• Contingent consideration arising from business combinations whose acquisition dates preceded the adoption of IFRS 3R (pre-adoption contingent consideration). The IASB has amended the IFRS 3R transition provisions and made consequential amendments to IFRS 7 and IAS 32 to clarify that pre-adoption contingent consideration has been grandfathered (2010 Annual Improvements). The IASB has carried forward the IFRS 3 (issued 2004) requirements on accounting for contingent consideration into the transition provisions of IFRS 3R.
The amendment is effective for annual periods beginning on or after July 1, 2010. However, it requires retrospective application from the date when the entity first applied IFRS 3R. Entities should adopt the amendment at the same time that they adopt IFRS 3R.
The Board has not extended this exemption to first-time adopters. First-time adopters that adopt IFRS 3R in their first IFRS financial statements should account for subsequent changes in contingent consideration in accordance with IFRS 3R regardless of when the related acquisition happened.
The change from minority interest to NCI was more than a change in name; it was also a change in definition. This change has widened the scope of instruments included in NCI—for example, options or warrants over an entity’s own shares that are classified as equity and the equity component of a convertible instrument are now in NCI. The Board and IFRIC have addressed several NCI-related issues in addition to the transition requirement for negative NCI (above). These are considered below.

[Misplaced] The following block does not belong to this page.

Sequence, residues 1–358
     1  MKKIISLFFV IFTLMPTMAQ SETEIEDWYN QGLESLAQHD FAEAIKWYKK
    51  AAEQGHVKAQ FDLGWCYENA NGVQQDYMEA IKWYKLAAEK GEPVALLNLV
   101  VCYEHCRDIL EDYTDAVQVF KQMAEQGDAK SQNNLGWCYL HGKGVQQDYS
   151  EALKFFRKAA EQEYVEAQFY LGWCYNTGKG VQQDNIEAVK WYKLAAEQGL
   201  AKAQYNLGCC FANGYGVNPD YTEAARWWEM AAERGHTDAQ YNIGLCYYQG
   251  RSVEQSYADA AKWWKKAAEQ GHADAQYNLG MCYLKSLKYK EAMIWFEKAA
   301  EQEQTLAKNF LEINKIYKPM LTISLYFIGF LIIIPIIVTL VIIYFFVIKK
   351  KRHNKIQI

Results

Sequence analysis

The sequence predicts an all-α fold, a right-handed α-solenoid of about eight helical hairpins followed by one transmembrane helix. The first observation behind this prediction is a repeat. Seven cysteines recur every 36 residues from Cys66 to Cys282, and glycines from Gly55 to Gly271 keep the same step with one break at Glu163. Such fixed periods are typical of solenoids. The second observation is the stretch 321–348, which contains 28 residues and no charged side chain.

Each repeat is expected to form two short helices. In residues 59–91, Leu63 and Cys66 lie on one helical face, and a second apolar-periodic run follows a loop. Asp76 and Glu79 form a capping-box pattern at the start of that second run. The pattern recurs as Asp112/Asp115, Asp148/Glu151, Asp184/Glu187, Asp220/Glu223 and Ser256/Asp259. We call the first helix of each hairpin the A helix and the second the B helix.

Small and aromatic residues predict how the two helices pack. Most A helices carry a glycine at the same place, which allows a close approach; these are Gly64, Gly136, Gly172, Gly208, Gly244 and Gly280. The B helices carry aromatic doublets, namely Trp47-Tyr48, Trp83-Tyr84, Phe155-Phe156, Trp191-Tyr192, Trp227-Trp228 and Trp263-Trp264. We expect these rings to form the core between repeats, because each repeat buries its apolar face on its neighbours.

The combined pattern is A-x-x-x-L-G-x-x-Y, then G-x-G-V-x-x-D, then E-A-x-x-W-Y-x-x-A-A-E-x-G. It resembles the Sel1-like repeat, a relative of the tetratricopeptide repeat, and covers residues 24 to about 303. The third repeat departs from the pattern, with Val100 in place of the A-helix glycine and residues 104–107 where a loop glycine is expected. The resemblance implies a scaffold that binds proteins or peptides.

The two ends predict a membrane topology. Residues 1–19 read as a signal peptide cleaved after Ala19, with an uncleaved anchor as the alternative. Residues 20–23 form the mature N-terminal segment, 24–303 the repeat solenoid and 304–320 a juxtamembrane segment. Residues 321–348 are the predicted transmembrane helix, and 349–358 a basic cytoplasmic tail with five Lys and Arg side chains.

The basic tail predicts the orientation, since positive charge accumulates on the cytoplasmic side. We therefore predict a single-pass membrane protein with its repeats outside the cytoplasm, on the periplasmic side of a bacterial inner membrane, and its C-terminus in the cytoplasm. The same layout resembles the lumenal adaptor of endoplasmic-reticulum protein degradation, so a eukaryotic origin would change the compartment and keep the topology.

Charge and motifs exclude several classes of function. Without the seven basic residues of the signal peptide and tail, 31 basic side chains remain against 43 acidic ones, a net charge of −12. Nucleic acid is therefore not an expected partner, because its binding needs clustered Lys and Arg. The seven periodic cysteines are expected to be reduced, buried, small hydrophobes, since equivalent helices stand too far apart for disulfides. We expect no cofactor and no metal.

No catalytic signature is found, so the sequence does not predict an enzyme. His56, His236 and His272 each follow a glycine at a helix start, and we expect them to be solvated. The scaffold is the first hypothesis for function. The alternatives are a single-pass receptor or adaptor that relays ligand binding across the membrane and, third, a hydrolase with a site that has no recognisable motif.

Measurement of NCI
IFRS 3R allows an entity to measure NCI, either at its acquisition-date fair value or at the NCI’s proportionate share of the acquiree’s identifiable net assets. The Board confirmed in the 2010 Annual Improvements that such measurement choice is only applicable to present ownership instruments that entitle their holders to a proportionate share of the entity’s net assets in the event of liquidation. All other components of non-controlling interests are measured at their acquisition-date fair values unless IFRS requires another measurement basis. This might be, for example, IFRS 2 for the acquiree’s employee share options. The Board has also included some illustrative examples in the annual improvement.
Unreplaced and voluntarily replaced share-based
An aquiree’s equity-settled shared-based payment transactions are a component of NCI under the revised standards. IFRS 3R specifies the accounting for the acquiree’s share-based payment transactions that the acquirer is obliged to replace or that expire as a consequence of the business combination. It is silent on the accounting for unreplaced or voluntarily replaced share-based payment transactions.
The Board has added additional guidance in this area in the 2010 Annual Improvements. It distinguishes the accounting treatment for transactions that expire as a result of the acquisition, which is recognized as post-acquisition expense, from those that do not expire in the event of a business combination—that is, NCI. The measurement of the replaced or unexpired share-based payment transactions is split between transferred consideration and post-combination expense.
Transaction costs for NCI
IAS 27R requires acquisitions and disposals of NCI that do not result in a loss of control of the entity to be accounted for as equity transactions. IAS 1 paragraphs 106(d)(iii) and 109 state that transaction costs related to transactions with NCI are not part of the income statement. The IFRIC, therefore, rejected a request to add the accounting of transaction costs for NCI to its agenda, confirming that the treatment of transaction costs for raising equity is clear.
Reattribution of other comprehensive income (OCI)